Gower Bibliography

Romance, Exemplum, and the Subject of the Confessio Amantis.

Robins, William. "Romance, Exemplum, and the Subject of the Confessio Amantis." Studies in the Age of Chaucer 19 (1997), pp. 157-181.


Robins offers an ambitious argument grounded in contemporary theoretical models to account for the nature and purpose of the frequently remarked diversity of voices and of types of narrative in CA. He works from the inside out, starting with "Apollonius of Tyre." Gower's setting of the romance within a moralized frame invokes "dramatically opposed strategies of reading" (p. 158), one represented throughout the poem by Amans and the other by Genius. Romance, he claims (citing Bakhtin) is the mode of random narrative contingency, and of unseen external forces as opposed to individual agency; but Genius, in his focus on the conclusion of the tale, invokes an opposing "temporality of moral necessity" (here Robins cites Ricoeur) according to which "internal moral disposition will determine the outcome of external events" (p. 161). Amans believes he lives in the first mode, subject to the arbitrary whims of his lady, while Genius unsuccessfully attempts to resee his life in exemplary and moral terms. Genius' very attempt is paradoxical, for exemplary instruction is itself an "external force," the efficacy of which depends upon a pre-existing internal disposition. This "paradox of exemplarity" is illustrated in Amans' assertion that the lesson of "Apollonius" does not apply to him. Throughout the poem he repeatedly rejects the analogical reasoning of the exempla, and Genius is unable to overcome his objection. This "interrogation of the grounds of exemplarity" is the "theorem" of the poem (p. 165), and Gower pursues his exploration by opposing different kinds of tales and different ways of reading. A precedent for his procedure can be found in the Nicomachean Ethics, which invokes "competing patterns of how behavior might be understood," by "internal ordering of the soul" or by the "external gifts of Fortune" (p. 167). Gower deals with this philosophical issue in literary terms, by experimenting with different kinds of narrative, culminating in "Apollonius of Tyre." This tale also contains in its recognition scene a model for the conclusion of CA. As Thaise attempts to reason with her father, external promptings fail, but the internal predisposition that stems from their natural blood relationship works to bring about Apollonius' transformation. The scene keeps the dynamic between external and internal in clear focus, but Robins rejects Olsson's recent argument on the efficacy both of Thaise's words and of Genius' teaching. This last exemplum is ineffectual for Amans, who is brought to his senses only by the forced recognition of his old age. At this point Amans does move from one model of self-definition to another, from the external evaluation (his lack of success) to the internal (he is no longer capable of being "amans"). But it is not a simple matter of choosing one narrative mode over the other. Amans is caught between the two, neither of which is adequate to his case, and in casting off the "romance" view, he does not commit himself to the "exemplary," for it is "unresponsive to lived experience" (p. 175). He is thus "finally positioned as a subject who has to adjudicate between the competing narrative modes that constitute his ability to think about himself" (ibid.). The reader, Robins argues, is put in the same position as Amans, beginning with the Prologue of the poem, which in its invocation of exemplum, chronicle, and complaint, serves "to bring the readers to an admission that their own predicament of making sense of the world is bound up in competing narrative understandings of temporality" (p. 177). The subject-position that is created for the reader is "not equivalent to a romantic notion of a fully autonomous interior self, for reflection is seen as participation in discursive modes shared by society and preceding the individual. And yet this situation differs from the postmodern, decentered subject for which the self is an illusion created by language, for Gower dearly holds to the belief in an interiority from which to choose between, or at least to feel and endure, competing narrative options. The ground upon which to order one's thoughts, desires, and actions, is constituted rather by an activity of first-person enunciation" (p. 178). At the end of the poem, Amans/Gower resumes both his proper name and his personal history as a writer. "Able now to review and give shape to the experience of having read his own life through and against available narrative patterns, the character/narrator recognizes that he occupies an individual position of ethical responsiveness, and his readers are spurred to realize that they too can articulate their course of engagement with various models of self-conception" (ibid.). In conclusion, Robins asserts, "Gower is not primarily concerned to represent the subjectivity of a character, but rather to provoke the subjectivity of the reader, to create the conditions whereby a reader can come to understand the site he or she occupies at the intersection of incommensurable modes of narrative self-conception. The "Tale of Apollonius," bearing the pattern of ancient romance into the fourteenth-century culture of exemplarity, becomes one of the told Gower strategically manipulates for implementing that purpose, a purpose which, however, can only be a gambit for Gower, for he knows that he cannot guarantee the success of his strategy of provocation no matter how earnestly he wishes to secure it" (pp. 180-81). [PN. Copyright The John Gower Society. JGN 17.1]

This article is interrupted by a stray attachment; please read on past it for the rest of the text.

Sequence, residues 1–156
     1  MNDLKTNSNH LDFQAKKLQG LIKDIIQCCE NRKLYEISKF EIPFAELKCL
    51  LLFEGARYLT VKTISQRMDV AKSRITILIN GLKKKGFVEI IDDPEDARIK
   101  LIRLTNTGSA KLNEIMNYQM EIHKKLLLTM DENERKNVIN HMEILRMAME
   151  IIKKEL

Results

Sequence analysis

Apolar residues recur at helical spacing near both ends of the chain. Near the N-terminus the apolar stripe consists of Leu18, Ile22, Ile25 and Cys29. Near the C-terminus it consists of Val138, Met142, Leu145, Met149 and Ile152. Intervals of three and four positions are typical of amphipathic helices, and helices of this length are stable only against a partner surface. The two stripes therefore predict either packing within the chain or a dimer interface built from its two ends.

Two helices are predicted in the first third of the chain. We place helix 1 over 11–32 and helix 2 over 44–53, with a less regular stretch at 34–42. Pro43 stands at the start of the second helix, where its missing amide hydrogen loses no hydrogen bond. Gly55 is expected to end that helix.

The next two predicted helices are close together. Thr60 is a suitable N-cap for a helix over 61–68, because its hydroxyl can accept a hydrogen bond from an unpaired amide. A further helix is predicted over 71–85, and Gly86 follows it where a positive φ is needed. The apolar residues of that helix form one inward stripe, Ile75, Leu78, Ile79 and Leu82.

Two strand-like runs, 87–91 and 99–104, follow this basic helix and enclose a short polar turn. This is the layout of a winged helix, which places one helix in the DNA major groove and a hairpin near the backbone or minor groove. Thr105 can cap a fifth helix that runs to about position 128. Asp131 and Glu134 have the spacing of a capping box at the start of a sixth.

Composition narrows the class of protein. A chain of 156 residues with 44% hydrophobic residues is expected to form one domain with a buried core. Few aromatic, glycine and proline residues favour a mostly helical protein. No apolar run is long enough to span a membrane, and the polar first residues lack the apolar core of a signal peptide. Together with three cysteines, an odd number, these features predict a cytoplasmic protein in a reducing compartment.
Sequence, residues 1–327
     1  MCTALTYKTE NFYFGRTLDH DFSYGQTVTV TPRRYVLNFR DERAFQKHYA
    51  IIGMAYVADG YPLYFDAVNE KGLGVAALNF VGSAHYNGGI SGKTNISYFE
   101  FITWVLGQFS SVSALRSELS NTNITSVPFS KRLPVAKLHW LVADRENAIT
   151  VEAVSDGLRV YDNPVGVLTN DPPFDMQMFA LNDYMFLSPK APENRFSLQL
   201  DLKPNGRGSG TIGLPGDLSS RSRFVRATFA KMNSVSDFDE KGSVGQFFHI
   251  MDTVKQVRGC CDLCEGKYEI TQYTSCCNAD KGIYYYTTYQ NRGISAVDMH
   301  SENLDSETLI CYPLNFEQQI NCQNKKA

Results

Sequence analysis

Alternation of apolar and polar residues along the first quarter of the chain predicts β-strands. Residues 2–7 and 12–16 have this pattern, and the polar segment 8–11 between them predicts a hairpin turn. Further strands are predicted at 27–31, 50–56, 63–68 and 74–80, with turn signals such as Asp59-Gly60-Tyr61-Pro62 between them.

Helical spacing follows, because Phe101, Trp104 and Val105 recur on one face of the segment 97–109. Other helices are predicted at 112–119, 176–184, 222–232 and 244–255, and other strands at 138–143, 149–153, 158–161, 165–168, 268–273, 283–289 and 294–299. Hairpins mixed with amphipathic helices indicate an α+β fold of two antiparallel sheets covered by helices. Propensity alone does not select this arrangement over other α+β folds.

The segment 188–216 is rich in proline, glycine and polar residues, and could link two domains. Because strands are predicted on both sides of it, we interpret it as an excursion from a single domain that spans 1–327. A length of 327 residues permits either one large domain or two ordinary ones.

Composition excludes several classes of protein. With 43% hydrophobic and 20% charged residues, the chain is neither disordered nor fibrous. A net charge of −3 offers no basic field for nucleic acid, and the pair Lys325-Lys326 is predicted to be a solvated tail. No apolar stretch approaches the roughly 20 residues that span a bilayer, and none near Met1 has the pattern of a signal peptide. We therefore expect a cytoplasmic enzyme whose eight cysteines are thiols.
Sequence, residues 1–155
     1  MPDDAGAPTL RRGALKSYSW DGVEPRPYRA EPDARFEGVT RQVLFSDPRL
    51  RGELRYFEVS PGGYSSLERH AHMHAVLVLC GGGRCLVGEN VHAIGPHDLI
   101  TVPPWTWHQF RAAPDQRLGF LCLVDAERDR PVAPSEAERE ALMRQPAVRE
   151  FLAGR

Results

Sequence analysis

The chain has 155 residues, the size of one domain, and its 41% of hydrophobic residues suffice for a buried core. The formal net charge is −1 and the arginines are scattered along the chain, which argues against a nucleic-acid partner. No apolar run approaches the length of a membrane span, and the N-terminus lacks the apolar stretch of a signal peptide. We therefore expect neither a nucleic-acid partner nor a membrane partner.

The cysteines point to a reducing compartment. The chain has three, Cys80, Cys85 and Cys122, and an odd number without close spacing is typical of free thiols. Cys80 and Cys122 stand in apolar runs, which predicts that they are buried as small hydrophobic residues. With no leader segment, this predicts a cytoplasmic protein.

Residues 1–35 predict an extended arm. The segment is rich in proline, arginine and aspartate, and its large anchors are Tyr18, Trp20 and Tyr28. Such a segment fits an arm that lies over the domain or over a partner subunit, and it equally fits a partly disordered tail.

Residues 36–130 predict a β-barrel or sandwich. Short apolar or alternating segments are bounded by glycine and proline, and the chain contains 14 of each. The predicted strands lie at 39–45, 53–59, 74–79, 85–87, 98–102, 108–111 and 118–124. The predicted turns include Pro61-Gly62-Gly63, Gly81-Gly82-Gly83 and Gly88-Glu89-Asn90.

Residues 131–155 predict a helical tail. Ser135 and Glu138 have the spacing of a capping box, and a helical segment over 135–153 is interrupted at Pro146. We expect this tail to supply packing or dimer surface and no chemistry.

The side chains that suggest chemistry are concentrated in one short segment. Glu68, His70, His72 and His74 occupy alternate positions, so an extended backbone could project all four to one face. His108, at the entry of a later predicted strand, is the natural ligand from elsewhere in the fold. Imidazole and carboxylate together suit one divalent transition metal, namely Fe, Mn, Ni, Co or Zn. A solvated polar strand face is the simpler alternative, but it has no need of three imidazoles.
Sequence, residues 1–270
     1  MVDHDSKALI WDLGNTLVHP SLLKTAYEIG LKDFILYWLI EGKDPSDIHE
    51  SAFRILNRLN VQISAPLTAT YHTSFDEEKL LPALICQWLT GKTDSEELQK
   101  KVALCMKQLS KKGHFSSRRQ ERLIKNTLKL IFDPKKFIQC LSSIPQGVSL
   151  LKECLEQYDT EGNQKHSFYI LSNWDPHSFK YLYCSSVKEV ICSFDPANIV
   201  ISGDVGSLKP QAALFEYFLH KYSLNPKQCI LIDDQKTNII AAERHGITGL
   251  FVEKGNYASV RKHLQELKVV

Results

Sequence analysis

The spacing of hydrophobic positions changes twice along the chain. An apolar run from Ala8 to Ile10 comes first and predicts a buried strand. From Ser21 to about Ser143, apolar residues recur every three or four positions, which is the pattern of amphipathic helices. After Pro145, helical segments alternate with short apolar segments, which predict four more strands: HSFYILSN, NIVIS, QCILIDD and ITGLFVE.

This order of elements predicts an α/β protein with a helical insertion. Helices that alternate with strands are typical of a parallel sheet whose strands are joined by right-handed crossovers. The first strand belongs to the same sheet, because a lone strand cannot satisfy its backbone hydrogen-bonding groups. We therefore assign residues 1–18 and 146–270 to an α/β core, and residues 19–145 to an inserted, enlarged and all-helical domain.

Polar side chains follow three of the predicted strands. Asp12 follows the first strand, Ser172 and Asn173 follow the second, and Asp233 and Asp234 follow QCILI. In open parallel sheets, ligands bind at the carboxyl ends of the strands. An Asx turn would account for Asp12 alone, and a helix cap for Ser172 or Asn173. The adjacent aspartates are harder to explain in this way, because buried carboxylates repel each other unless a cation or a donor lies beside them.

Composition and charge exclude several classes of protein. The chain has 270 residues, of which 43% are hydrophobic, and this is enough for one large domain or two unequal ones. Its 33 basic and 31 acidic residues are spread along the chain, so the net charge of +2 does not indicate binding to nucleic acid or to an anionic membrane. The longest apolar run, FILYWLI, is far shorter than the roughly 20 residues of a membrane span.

Item Type:Article
Subjects:Confessio Amantis

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